Imprinting is a natural process in many animals with extended parental care, including birds and mammals. In the animal behavior and human psychology literature, imprinting and attachment refer to the social connection that develops between a young animal and its caregiver. Because foals are up and moving around almost immediately, mares learn (imprint on) the scent of their foals right after birth and foals likewise learn to recognize (imprint on) their mothers.
Attachment refers to the bond between a young animal--the foal--and its caregiver--the mare. The mare's behavior and the foal's temperament contribute to the quality of the attachment between them. In humans, secure attachment predicts later psychological well-being and good social skills, whereas insecure attachment predicts psychological and social problems. A promising area of research in equine behavior is to evaluate the different styles and quality of mare-foal attachment, and in a longitudinal study follow its effect on the adolescent and adult horse.
In the popular equine literature the term imprinting has been commandeered to refer to a training method (i.e., imprint training) developed by Robert Miller, DVM, that is used to build a connection between the newborn foal and its human caregiver. It is more correctly known as neonatal handling. Although regular handling of young foals is important, no long-term advantages of prolonged manual stimulation of the foal immediately after birth have been found. In fact, this training technique may create unnecessary stress on the foal, delay suckling, which provides foals with immunodefense compounds from colosturm, and interfere with the attachment bond between mare and foal, which has potential negative consequences on the foal's social development. Extensive handling and grooming of the mare in a relaxed manner is a more effective way to socialize foals to humans and improve later handling and training success.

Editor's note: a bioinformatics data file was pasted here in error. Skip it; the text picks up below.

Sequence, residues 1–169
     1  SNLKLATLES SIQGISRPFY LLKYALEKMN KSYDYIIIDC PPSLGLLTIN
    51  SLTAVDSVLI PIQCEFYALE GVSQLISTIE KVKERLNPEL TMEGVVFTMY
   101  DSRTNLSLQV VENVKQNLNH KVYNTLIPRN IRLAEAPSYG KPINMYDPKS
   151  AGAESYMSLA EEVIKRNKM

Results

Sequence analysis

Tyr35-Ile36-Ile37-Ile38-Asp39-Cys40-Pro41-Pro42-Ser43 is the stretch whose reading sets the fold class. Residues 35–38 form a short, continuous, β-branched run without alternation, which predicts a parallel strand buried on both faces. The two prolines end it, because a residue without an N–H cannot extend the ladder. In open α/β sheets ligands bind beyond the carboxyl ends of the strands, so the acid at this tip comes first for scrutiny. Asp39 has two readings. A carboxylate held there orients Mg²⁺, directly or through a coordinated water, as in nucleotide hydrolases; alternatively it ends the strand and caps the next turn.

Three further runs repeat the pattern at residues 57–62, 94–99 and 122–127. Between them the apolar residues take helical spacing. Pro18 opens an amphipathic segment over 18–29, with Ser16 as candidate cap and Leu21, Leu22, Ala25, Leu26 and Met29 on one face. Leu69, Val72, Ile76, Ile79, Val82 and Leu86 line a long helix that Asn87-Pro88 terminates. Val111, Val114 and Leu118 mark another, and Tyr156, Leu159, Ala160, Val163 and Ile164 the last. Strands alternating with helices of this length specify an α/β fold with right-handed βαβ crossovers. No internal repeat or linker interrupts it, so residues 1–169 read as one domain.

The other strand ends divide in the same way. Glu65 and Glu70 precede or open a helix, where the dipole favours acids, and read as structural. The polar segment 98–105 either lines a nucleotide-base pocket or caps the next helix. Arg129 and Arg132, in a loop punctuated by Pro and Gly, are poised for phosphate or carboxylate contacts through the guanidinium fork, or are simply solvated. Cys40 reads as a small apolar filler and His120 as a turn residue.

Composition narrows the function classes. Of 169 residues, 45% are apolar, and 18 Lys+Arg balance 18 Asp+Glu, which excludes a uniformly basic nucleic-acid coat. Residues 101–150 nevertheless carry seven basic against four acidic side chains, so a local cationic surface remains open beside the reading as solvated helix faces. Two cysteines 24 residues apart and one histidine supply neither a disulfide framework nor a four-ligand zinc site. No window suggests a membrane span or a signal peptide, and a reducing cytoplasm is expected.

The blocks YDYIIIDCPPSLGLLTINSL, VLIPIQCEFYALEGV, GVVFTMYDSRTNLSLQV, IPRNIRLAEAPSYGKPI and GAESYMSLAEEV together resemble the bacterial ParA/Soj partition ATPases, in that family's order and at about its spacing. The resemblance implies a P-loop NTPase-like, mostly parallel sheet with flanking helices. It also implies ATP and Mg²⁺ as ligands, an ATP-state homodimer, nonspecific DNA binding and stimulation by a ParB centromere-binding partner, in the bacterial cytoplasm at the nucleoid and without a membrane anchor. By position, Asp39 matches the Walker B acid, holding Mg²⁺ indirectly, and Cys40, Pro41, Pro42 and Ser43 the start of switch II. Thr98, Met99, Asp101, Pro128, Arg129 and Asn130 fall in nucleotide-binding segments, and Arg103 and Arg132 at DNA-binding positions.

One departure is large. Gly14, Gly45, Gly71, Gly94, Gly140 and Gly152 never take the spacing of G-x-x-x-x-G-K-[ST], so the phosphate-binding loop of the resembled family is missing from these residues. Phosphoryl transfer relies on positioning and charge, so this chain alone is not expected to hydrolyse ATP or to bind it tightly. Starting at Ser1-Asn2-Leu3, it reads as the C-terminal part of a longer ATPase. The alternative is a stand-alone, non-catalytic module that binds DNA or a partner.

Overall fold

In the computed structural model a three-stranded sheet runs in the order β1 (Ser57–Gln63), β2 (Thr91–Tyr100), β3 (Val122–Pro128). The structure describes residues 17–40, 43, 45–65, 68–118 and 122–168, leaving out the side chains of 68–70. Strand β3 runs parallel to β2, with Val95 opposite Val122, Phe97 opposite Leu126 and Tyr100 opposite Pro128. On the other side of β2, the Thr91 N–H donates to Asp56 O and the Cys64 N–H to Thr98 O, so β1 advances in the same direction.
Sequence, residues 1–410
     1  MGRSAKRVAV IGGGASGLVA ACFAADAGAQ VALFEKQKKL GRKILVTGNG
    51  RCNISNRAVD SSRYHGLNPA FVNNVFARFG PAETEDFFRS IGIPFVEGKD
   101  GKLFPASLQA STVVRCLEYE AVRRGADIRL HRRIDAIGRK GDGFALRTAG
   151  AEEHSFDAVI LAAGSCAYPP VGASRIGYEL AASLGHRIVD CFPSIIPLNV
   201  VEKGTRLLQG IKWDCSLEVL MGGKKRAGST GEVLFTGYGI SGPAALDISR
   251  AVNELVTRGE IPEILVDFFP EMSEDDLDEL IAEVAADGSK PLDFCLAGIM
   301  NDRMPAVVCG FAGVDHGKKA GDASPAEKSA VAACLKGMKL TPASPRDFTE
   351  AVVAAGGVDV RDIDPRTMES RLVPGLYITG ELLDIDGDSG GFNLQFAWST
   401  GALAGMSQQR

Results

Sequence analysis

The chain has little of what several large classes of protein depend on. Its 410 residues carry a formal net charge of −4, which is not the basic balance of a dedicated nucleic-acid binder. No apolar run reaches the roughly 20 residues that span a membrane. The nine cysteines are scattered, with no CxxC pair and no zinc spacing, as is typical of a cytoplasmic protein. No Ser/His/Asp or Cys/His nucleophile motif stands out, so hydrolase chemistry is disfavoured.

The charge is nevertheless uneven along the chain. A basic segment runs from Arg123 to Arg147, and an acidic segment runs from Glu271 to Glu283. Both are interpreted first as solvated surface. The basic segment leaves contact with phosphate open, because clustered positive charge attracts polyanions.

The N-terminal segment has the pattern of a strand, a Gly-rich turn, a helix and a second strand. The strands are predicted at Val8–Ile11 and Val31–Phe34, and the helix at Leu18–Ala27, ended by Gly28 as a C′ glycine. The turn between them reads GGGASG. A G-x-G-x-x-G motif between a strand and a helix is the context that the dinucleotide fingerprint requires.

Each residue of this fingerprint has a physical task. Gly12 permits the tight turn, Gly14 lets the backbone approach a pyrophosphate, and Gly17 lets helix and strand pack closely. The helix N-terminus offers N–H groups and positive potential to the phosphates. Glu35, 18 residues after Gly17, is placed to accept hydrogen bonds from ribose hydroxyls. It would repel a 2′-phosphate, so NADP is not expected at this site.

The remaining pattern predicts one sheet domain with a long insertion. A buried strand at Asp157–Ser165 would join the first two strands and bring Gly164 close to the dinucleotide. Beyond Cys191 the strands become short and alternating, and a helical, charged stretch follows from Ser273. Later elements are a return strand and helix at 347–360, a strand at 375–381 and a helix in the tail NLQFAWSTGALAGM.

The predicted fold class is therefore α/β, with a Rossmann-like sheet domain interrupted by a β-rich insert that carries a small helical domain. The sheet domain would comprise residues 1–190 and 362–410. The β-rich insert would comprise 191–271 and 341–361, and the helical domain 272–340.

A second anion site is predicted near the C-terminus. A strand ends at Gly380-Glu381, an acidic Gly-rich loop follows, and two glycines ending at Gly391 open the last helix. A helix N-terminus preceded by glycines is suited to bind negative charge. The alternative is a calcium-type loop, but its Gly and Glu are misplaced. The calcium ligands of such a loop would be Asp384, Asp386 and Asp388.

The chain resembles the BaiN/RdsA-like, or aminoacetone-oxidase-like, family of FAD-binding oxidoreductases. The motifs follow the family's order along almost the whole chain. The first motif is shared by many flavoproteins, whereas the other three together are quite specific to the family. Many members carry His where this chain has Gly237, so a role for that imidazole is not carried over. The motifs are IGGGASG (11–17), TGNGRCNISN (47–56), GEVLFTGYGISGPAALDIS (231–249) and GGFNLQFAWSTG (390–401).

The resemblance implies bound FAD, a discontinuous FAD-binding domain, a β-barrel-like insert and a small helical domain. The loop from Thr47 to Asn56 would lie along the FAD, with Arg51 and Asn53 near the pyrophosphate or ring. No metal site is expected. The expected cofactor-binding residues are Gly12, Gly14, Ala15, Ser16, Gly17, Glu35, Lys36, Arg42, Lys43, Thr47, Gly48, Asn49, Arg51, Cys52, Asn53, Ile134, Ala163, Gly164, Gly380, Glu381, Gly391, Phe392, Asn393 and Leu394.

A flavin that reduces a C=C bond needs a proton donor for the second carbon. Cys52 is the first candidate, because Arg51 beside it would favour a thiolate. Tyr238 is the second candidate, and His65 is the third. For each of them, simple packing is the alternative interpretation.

Henry, SS, et al. (2009) Neonatal handling affects durably bonding and social development. PloS one 4, e5216
Lansade, L, et al. (2005) Effects of neonatal handling on subsequent manageability, reactivity and learning ability of foals. Applied Animal Behaviour Science 92, 143-158.
Simpson, BS. (2002) Neonatal foal handling. Applied Animal Behaviour Science 78, 303-317.
Spier, S, et al. (1997) Outcome of tactile conditioning of neonates, or "imprint training" on selected handling measures in foals. Veterinary Journal 168 (3), 252-258.
Williams, JL, et al. (2003) Effects of imprint training procedures at birth on the reactions of foals at age six months. Equine Veterinary Journal 35 (2), 127-132.
Originally posted 2015
Behavior Bites Blog
Research, reflections, and rants about horse behavior and welfare.
Robin Foster, PhD, CAAB, CHBC